Best of the Bond Market – Inflation for the Average Joe = 8%

Best of the Bond Market for March 22nd, 2012

Top Story

Tweet and Article from @EverydayFinance

What’s Your REAL Inflation Rate? Everyday Price Index – Our Take: The consumer price index which is the government’s gauge of inflation is showing prices are currently rising at a 3.1% a year pace.  Lots of people feel thats too low and are saying that the price increases they are experiencing are way higher.  Well as Everyday finance points out in their article there is a new index out from the American Institute of Economic Research which shows inflation for the average person running closer to 8%.  Whats interesting is it seems like their index tracked CPI up until 2005, and since then there has been a large disconnect.  If anyone has any thoughts on why that is the case I would appreciate hearing from you in the comments.

Other Top Stories

Tweet and Article by @dlevineMW

US Sells TIPS at a Negative Yield Again – Our Take:  Treasury inflation protected securities (TIPS) normally pay a rate of interest like a normal bond however the principal also adjusts with the rate of inflation.  Because the consumer price index has inflation running at 3.1%, and the 10 year treasury bond is yielding significantly less than that (2.28%) investors are willing to take a negative return on the yield portion of the 10 year TIPS and accept the inflation adjustment as their return.  You can learn more about TIPS here.

Tweet and Article by @bespokeinvest

Muni Bonds Pull Back 5% – Our Take:  Good chart from Bespoke showing what the recent pull back in municipal bonds (yields higher/price lower) looks like on a chart as represented by the MUB (the ETF which tracks Investment Grade Munis).   Two things that strike me as interesting are 1 that the pullback has been pretty steep and 2 that were are still in a very nice uptrend on the chart which, for anyone who is wondering, held today.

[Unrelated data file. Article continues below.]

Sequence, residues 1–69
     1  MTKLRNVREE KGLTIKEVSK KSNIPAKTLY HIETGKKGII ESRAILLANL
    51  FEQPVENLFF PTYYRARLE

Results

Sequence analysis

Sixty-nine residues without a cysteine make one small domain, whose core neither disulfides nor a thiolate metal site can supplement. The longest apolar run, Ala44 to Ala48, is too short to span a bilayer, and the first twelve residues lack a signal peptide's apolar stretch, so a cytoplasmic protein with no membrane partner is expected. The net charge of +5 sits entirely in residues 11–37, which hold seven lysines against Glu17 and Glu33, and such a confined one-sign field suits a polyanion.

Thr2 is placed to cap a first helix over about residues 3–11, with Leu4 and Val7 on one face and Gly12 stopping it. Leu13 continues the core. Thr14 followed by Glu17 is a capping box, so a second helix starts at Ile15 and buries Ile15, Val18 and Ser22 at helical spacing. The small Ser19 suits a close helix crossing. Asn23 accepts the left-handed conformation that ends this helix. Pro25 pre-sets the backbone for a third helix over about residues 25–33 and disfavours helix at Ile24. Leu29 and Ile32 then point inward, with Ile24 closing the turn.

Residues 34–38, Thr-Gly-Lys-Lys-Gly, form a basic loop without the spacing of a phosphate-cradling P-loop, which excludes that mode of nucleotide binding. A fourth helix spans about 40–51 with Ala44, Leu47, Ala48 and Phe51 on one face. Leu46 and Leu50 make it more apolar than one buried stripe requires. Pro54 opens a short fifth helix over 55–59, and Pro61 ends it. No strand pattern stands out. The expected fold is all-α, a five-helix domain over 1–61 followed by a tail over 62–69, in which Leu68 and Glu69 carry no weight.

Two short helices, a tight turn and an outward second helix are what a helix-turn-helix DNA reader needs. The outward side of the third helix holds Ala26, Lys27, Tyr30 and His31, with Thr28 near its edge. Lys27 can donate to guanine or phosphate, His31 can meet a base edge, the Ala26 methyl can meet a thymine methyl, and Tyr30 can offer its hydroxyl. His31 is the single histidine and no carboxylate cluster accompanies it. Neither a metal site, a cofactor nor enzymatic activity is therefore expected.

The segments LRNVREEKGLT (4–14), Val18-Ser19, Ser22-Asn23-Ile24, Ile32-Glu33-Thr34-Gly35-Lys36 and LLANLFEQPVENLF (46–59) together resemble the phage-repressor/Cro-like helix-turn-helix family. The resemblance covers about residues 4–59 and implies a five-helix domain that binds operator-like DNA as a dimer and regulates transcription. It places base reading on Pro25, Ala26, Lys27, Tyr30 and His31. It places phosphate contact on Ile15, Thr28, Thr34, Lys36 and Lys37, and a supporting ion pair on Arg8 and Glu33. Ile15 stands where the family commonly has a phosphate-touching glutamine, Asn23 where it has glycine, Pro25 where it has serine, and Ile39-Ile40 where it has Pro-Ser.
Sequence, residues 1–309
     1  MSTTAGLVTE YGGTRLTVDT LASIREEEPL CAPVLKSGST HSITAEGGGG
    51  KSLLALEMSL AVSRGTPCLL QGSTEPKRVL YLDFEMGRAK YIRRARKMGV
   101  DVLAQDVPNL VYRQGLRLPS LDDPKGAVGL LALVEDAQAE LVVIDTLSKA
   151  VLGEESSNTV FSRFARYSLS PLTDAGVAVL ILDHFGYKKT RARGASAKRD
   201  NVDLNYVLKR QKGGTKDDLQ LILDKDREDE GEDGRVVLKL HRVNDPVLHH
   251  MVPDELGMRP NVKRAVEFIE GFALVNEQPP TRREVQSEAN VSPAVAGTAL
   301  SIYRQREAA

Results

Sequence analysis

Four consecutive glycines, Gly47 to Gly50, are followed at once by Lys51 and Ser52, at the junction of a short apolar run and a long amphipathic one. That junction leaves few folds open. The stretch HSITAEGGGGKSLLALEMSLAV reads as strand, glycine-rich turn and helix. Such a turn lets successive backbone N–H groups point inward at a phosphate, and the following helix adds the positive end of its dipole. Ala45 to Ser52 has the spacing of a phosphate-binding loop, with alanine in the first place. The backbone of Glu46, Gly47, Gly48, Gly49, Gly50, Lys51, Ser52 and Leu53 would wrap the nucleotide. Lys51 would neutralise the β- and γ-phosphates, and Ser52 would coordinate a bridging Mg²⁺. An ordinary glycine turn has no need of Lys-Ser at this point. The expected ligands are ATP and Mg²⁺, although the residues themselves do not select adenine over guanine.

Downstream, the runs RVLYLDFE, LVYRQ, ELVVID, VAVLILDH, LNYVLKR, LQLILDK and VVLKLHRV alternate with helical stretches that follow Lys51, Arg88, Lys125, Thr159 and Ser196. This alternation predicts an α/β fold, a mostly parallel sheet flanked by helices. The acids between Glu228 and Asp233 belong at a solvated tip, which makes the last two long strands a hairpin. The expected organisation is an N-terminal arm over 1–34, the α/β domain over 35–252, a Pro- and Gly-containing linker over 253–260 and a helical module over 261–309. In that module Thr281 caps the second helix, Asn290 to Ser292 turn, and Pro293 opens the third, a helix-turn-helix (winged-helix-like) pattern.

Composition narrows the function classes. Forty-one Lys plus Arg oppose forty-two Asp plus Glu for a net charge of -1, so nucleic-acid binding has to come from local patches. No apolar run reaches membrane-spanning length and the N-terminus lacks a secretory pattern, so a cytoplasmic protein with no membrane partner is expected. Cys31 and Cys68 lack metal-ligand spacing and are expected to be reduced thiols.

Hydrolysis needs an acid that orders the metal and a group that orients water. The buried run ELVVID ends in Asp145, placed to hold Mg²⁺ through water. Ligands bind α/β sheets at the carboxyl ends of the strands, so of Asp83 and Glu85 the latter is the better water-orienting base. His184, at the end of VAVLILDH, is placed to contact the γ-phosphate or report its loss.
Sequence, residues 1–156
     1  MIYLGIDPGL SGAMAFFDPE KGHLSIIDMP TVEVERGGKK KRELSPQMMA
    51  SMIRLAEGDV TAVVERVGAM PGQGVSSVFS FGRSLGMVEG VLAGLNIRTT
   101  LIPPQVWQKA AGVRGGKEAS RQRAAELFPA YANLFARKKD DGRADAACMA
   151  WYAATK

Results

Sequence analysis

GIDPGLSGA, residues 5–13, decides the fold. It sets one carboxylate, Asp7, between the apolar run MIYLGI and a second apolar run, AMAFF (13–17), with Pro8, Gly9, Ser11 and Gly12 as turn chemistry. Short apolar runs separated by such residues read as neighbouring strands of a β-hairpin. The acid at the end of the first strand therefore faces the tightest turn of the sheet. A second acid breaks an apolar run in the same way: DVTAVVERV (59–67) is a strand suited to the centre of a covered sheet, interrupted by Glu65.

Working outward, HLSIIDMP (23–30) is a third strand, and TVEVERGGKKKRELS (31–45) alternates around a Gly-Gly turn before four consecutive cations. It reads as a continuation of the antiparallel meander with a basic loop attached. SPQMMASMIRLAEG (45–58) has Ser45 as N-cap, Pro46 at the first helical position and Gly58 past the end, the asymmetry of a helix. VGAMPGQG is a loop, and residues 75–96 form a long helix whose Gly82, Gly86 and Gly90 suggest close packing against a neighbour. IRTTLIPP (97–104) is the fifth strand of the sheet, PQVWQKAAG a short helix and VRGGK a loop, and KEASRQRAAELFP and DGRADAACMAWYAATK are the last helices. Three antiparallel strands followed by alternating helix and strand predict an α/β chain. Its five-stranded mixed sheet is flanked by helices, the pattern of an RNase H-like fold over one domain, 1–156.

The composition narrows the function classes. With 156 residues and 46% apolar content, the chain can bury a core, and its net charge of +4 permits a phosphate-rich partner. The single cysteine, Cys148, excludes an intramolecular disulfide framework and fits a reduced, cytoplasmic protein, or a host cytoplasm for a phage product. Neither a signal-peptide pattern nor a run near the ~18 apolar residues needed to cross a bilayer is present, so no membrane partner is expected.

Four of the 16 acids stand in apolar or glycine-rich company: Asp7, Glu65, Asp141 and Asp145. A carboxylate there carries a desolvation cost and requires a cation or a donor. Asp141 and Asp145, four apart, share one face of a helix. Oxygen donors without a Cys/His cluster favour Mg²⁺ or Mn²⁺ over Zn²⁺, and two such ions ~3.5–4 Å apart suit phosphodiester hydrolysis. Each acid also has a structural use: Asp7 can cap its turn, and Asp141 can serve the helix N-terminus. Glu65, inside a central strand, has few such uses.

Tweet by @Convertbond article by CNBC

To Trade the Dollar, Watch the Curve – Our Take:  The basic premise of the article is that if interest rates rise then this could make the dollar stronger.  A good takeaway from this for bond investors is that the bond market influences and is also influenced by many other financial markets.  Basically if treasury yields rise then this should be bullish for the US Dollar because more people from outside the US will want to invest in treasuries which creates demand for the dollar, which they need to convert their currency into in order to buy treasuries.

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